Some of the important properties of merge sort algorithm are-
- Merge sort uses a divide and conquer paradigm for sorting.
- Merge sort is a recursive sorting algorithm.
- Merge sort is a stable sorting algorithm.
- Merge sort is not an in-place sorting algorithm.
- The time complexity of merge sort algorithm is Θ(nlogn).
- The space complexity of merge sort algorithm is Θ(n).
NOTEMerge sort is the best sorting algorithm in terms of time complexity Θ(nlogn) if we are not concerned with auxiliary space used. |
PRACTICE PROBLEMS BASED ON MERGE SORT ALGORITHM-
Problem-
Assume that a merge sort algorithm in the worst case takes 30 seconds for an input of size 64. Which of the following most closely approximates the maximum input size of a problem that can be solved in 6 minutes? (GATE 2015)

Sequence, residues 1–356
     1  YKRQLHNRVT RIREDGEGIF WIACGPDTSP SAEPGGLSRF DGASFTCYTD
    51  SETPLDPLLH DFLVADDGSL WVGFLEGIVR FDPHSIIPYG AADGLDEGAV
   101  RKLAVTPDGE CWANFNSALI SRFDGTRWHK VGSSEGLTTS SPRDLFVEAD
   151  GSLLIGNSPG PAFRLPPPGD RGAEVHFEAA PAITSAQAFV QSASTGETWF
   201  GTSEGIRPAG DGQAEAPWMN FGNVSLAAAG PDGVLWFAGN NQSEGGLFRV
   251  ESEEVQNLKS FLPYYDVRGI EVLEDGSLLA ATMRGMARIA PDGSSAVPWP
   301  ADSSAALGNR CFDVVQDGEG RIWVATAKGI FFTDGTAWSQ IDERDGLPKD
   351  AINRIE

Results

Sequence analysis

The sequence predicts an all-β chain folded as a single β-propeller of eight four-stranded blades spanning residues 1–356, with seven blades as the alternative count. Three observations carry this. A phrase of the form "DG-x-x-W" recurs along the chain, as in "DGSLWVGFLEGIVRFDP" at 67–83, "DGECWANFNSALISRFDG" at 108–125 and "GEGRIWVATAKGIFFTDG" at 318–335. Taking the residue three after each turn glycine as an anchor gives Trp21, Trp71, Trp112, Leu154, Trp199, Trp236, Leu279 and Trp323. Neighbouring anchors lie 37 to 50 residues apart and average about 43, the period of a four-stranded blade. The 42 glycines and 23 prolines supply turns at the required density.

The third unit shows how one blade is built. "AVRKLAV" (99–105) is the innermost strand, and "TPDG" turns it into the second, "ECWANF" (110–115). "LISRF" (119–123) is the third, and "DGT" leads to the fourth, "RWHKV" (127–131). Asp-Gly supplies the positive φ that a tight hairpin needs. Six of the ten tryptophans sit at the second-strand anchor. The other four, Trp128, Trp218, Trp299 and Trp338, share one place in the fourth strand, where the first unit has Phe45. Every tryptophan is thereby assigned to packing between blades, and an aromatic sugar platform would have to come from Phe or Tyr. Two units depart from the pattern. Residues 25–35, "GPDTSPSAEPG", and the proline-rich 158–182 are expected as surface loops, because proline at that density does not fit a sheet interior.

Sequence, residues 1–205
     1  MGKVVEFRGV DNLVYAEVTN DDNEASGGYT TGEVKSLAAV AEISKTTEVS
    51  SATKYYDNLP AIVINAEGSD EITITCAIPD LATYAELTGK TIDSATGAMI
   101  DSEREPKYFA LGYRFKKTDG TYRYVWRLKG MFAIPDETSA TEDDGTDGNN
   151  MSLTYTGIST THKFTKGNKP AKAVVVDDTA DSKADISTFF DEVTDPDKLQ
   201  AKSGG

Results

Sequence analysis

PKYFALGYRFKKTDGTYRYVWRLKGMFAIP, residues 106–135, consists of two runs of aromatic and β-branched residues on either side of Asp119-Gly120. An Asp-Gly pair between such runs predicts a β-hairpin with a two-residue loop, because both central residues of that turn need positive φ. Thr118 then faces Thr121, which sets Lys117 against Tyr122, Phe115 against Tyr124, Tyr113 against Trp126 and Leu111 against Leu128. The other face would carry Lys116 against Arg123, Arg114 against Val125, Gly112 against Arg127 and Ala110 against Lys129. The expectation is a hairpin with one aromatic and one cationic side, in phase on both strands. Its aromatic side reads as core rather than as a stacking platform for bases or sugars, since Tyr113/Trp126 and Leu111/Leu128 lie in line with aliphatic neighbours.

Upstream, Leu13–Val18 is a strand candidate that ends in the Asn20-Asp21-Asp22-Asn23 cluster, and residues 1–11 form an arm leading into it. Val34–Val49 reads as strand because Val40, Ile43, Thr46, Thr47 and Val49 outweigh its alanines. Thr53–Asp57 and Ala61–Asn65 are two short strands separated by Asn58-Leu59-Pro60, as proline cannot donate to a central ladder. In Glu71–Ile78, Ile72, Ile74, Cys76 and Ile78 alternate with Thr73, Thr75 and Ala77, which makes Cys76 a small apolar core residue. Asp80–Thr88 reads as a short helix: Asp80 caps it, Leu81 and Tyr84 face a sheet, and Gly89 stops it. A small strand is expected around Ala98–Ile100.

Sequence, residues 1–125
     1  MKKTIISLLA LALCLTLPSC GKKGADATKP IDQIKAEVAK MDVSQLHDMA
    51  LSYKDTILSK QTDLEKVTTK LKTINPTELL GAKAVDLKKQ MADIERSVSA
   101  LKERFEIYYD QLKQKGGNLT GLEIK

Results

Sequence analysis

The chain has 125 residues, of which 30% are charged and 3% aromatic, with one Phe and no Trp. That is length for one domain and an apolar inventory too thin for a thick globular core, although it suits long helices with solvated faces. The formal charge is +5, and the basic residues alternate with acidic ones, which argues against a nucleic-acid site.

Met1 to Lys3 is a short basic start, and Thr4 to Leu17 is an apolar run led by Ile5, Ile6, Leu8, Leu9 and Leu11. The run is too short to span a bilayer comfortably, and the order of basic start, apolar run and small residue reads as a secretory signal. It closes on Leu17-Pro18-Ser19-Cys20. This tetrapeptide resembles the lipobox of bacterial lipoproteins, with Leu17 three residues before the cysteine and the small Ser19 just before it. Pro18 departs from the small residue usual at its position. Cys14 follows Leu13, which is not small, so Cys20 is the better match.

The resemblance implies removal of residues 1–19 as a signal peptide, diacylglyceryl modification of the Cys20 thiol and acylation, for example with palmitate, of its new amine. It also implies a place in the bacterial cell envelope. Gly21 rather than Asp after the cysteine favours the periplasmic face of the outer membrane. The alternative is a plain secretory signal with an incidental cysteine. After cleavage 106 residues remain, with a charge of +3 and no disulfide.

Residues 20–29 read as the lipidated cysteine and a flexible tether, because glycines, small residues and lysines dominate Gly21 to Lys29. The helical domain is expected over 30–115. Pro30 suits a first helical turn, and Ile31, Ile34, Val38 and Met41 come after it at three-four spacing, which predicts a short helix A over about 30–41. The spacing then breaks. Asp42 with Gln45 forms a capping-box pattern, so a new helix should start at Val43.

- 256
- 512
- 1024
- 2048
Solution-
We know, time complexity of merge sort algorithm is Θ(nlogn).
Step-01:
It is given that a merge sort algorithm in the worst case takes 30 seconds for an input of size 64.
So, we have-
k x nlogn = 30 (for n = 64)
k x 64 log64 = 30
k x 64 x 6 = 30
From here, k = 5 / 64.
Step-02:
Let n be the maximum input size of a problem that can be solved in 6 minutes (or 360 seconds).
Then, we have-
k x nlogn = 360
(5/64) x nlogn = 360 { Using Result of Step-01 }
nlogn = 72 x 64
nlogn = 4608
On solving this equation, we get n = 512.
Thus, correct option is (B).
To gain better understanding about Merge Sort Algorithm,
Next Article- Quick Sort
Other Popular Sorting Algorithms-
- Selection Sort | Examples
- Bubble Sort | Examples
- Insertion Sort | Examples
- Topological Sort | Examples